Elon Musk, Tesla CEO, has just confirmed that the Model Y produced at Giga Berlin will be the firm’s first vehicle to feature structural batteries and the brand’s new 4680 tabless cells, two firsts revealed just a few days ago. during “Tesla Battery Day.” Until now, it was believed that these novelties were going to be released by the Model S Plaid sports sedan, the Semi truck, and the Cybertruck pick-up.
“Berlin will use 4680 cells, structural batteries, and unique castings front and rear. Also, [it will also debut] a new painting system. Many new technologies will be produced in Berlin, which means significant risk. Fremont and Shanghai will transition in two years when the new technology is tested. “
On the other hand, Musk has also communicated that the company will use LFP (that is, lithium-ferrophosphate) batteries in its medium-range electric cars and stationary storage systems. Cobalt-free LFP chemistry combines low prices with long pot life; in return, its energy density is somewhat poor, although Tesla should be able to tackle this setback by using solutions such as the aforementioned structural batteries.
As its name suggests, a structural pack consists of the body of the vehicle itself acts as the housing for the batteries. According to Tesla, this will improve autonomy by 14%, reduce weight by 10%, and significantly simplify their cars (about 370 fewer parts will be used), reducing production costs and achieving a much more structurally rigid than any other vehicle, which in turn will have a positive impact on both passive safety and dynamic performance.
In Musk’s words, the battery pack will be a unitary structure in which the cells themselves will transfer the shear stresses to the upper and lower steel sheets, eliminating most of the central parts of the vehicle structure, achieving improved torsional rigidity and moment of inertia. Although it is not confirmed, we want to think that the lower steel sheet will be removable, which would allow repairs to the pack without having to disassemble half the vehicle.
Berlin will use 4680 cell with structural battery pack & front & rear single piece castings. Also, a new paint system.— Elon Musk (@elonmusk) October 7, 2020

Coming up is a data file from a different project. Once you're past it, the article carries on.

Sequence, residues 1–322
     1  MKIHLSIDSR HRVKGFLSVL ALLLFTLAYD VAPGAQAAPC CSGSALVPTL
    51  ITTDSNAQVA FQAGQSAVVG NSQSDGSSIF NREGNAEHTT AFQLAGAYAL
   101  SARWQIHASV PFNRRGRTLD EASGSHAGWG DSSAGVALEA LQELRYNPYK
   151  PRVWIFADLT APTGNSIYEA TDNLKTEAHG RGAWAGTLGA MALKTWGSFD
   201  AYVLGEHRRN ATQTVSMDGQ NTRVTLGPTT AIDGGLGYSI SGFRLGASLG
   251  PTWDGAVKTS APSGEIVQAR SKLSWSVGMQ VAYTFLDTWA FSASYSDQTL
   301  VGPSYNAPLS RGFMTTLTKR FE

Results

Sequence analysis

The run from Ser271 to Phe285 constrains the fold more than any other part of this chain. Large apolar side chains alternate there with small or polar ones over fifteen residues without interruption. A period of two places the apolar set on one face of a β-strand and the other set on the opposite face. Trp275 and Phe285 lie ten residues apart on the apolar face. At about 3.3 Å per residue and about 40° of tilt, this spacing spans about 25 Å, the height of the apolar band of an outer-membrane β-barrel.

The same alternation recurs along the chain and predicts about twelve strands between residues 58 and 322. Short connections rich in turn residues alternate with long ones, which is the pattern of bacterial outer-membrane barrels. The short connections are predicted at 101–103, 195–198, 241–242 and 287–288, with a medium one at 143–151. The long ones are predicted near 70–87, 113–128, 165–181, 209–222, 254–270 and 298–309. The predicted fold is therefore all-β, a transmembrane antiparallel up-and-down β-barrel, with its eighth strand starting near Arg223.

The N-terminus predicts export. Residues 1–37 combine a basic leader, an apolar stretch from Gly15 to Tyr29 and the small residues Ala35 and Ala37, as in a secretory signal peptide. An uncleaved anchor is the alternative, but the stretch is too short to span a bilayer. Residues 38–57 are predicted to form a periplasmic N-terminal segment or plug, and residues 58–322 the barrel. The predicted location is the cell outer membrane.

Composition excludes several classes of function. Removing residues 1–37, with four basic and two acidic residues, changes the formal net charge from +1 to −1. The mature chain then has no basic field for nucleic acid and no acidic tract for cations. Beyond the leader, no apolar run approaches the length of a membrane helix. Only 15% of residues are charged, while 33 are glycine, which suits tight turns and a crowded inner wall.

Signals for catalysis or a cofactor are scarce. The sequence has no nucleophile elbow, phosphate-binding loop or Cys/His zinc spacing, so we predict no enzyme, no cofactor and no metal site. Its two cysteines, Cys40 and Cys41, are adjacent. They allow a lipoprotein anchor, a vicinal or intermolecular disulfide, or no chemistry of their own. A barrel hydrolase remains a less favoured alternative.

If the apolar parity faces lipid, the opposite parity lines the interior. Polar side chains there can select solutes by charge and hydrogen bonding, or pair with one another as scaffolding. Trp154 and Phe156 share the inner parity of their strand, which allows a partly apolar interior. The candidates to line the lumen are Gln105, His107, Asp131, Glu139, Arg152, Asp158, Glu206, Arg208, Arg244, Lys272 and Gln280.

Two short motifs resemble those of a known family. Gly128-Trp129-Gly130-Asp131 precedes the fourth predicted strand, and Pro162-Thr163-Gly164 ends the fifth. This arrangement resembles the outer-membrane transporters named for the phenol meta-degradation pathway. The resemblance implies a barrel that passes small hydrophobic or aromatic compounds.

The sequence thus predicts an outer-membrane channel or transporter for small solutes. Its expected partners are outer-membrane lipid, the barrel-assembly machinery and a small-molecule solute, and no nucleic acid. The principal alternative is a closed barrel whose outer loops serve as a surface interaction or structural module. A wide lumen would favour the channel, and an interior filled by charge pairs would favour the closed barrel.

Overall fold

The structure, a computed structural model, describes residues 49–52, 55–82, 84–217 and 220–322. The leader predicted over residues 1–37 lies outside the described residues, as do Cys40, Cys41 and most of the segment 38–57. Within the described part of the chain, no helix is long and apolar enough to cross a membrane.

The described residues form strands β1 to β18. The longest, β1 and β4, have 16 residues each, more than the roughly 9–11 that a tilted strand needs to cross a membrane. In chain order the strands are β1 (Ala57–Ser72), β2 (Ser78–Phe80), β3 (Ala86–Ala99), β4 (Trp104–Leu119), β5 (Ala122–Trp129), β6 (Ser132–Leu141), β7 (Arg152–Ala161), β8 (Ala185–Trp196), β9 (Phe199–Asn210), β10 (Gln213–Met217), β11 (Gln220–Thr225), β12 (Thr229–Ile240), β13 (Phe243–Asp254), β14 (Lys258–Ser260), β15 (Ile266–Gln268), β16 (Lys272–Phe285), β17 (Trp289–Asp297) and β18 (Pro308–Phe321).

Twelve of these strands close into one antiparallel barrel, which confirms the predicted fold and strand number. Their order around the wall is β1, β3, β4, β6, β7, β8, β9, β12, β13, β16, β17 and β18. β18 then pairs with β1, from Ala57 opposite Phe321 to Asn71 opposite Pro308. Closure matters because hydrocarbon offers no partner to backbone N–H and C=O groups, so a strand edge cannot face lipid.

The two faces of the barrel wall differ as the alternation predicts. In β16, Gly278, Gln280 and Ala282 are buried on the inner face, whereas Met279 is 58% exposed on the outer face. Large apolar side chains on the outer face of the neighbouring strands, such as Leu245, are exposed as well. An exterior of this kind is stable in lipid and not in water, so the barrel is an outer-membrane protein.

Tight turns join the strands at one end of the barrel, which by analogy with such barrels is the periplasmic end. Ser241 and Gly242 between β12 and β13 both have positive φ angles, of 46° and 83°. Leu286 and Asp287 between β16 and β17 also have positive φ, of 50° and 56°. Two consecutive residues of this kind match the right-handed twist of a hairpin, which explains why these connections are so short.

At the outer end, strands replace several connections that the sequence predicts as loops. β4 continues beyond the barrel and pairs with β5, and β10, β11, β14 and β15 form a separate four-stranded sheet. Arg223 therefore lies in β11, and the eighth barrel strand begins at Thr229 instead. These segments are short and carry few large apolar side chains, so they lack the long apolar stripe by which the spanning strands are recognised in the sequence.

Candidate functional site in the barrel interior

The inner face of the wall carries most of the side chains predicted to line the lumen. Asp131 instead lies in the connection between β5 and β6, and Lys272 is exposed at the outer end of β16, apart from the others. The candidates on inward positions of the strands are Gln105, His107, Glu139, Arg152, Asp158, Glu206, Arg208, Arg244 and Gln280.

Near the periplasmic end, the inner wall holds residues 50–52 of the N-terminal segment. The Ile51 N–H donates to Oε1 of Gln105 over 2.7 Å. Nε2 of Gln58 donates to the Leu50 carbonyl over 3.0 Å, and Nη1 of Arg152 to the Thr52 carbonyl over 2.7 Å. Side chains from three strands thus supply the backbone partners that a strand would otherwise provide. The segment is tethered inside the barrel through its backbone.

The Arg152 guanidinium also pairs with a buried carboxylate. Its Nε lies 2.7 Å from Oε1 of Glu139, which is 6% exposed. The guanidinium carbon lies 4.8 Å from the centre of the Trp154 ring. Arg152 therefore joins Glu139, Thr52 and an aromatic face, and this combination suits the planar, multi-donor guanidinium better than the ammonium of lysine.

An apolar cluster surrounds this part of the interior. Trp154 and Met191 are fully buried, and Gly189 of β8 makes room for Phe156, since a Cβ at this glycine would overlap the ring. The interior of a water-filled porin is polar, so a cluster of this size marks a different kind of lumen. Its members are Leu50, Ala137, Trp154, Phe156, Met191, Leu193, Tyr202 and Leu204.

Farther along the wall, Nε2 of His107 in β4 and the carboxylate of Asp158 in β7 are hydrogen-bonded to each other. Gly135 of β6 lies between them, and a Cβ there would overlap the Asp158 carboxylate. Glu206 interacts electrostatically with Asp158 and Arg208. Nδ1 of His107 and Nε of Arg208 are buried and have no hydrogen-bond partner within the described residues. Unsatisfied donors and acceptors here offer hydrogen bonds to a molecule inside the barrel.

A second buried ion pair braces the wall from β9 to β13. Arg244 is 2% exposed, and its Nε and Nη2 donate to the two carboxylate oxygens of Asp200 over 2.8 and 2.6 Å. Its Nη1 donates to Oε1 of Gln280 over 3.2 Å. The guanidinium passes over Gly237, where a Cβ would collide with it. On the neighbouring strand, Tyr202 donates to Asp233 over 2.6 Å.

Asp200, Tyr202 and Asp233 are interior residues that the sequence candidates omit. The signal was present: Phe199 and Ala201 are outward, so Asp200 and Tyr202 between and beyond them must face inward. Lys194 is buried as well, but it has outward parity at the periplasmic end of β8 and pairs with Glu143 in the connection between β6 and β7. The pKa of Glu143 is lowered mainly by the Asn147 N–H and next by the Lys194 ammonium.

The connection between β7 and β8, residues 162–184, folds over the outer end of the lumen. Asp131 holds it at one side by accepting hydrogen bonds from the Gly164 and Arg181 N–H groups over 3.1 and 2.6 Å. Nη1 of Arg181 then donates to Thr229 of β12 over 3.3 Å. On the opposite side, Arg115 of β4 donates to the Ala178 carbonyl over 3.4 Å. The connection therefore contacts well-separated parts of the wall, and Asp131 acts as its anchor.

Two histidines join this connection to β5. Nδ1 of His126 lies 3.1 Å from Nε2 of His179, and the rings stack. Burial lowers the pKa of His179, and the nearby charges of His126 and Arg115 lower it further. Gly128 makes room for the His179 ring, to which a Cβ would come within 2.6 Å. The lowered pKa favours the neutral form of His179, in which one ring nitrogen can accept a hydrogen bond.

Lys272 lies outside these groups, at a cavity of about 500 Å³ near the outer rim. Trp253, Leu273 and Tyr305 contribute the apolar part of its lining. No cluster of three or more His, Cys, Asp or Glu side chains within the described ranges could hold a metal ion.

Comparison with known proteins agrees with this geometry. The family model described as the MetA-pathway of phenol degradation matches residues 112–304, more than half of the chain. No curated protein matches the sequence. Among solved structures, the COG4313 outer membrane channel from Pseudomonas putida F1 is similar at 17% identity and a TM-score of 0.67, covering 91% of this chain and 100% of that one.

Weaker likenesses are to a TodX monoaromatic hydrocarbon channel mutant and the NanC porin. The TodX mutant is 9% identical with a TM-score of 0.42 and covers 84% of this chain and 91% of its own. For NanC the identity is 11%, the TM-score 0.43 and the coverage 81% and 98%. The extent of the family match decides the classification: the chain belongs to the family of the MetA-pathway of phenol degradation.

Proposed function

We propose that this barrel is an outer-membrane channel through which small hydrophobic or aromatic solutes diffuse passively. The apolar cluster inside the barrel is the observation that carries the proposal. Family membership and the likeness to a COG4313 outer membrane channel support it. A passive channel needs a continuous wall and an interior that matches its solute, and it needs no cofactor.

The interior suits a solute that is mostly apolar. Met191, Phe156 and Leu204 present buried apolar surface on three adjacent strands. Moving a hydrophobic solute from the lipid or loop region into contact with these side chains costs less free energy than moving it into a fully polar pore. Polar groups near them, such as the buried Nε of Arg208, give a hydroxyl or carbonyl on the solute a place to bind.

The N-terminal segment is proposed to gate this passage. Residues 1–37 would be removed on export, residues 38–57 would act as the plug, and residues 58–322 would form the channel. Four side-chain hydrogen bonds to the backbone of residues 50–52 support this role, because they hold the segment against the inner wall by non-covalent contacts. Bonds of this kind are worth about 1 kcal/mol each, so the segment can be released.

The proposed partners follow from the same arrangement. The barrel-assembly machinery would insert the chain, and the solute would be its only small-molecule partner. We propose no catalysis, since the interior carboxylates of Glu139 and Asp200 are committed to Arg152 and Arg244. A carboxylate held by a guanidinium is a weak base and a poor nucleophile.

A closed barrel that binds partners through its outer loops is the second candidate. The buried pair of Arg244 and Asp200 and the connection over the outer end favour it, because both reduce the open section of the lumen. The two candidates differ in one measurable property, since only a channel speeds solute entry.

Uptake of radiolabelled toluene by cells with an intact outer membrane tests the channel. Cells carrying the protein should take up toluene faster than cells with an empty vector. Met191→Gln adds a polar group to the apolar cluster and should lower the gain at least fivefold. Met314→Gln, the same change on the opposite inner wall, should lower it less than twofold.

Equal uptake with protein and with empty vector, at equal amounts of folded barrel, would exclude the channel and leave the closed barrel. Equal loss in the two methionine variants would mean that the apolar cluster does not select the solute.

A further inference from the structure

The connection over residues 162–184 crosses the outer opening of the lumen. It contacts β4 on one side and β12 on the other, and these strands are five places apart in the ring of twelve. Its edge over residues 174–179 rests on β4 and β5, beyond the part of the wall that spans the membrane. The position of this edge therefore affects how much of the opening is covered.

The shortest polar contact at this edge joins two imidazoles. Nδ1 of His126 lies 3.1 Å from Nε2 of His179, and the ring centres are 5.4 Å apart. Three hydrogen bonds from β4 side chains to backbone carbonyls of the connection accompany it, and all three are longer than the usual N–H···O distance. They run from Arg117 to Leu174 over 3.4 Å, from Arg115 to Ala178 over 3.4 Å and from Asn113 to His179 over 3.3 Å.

Lot of new technology will happen in Berlin, which means significant production risk. Fremont & Shanghai will transition in ~2 years when new tech is proven.
The mainframe of the Tesla Model Y manufactured in Giga Berlin is expected to be produced following the same principle that we will find in the front and rear frames, each made up of a single massive-size cast piece made of aluminum. With this technology, Tesla will stop using dozens of pieces welded together to make large structures. According to Musk, in an accident, the shock-absorbing rails can be cut and replaced with a new bolt-on piece.
The new 4680 cells should allow an increase in the autonomy of 16% and a cost reduction of 14%. Among other firsts, these cells will feature a “tabless electrode” design, which eliminates the tabs used at the cathode and anode to connect to the housing terminals, simplifying production, improving costs and performance, and reducing the ohmic resistance, since the current does not have to go from the electrodes to the reed.
These cells will also allow faster and more efficient manufacturing: each of the new production lines will reach 20 GWh per year of capacity (an improvement of up to seven times compared to current processes), reducing the necessary investments by 75% per GWh produced and allowing the construction of Terafactories up to 10 times smaller than the current Gigafactories. By the end of 2021, Tesla estimates that it will have an annual production capacity of 10 GWh of 4680 cells (more than enough to manufacture about 100,000 Model Ys); however, in 2022, mass production will begin, reaching nearly 100 GWh per year.